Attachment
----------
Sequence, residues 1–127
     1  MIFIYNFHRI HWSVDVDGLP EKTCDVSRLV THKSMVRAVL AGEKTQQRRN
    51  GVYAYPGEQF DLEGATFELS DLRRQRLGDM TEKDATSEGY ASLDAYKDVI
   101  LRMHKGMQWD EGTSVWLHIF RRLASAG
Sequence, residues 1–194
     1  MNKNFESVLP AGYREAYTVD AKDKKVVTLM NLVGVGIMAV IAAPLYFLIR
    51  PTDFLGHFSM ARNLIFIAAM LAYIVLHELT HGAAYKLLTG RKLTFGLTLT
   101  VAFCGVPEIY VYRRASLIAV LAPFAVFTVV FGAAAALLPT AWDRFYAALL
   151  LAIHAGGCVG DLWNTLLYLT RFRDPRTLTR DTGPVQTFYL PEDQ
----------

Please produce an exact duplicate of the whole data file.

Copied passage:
Sequence, residues 1–127
     1  MIFIYNFHRI HWSVDVDGLP EKTCDVSRLV THKSMVRAVL AGEKTQQRRN
    51  GVYAYPGEQF DLEGATFELS DLRRQRLGDM TEKDATSEGY ASLDAYKDVI
   101  LRMHKGMQWD EGTSVWLHIF RRLASAG
Sequence, residues 1–194
     1  MNKNFESVLP AGYREAYTVD AKDKKVVTLM NLVGVGIMAV IAAPLYFLIR
    51  PTDFLGHFSM ARNLIFIAAM LAYIVLHELT HGAAYKLLTG RKLTFGLTLT
   101  VAFCGVPEIY VYRRASLIAV LAPFAVFTVV FGAAAALLPT AWDRFYAALL
   151  LAIHAGGCVG DLWNTLLYLT RFRDPRTLTR DTGPVQTFYL PEDQ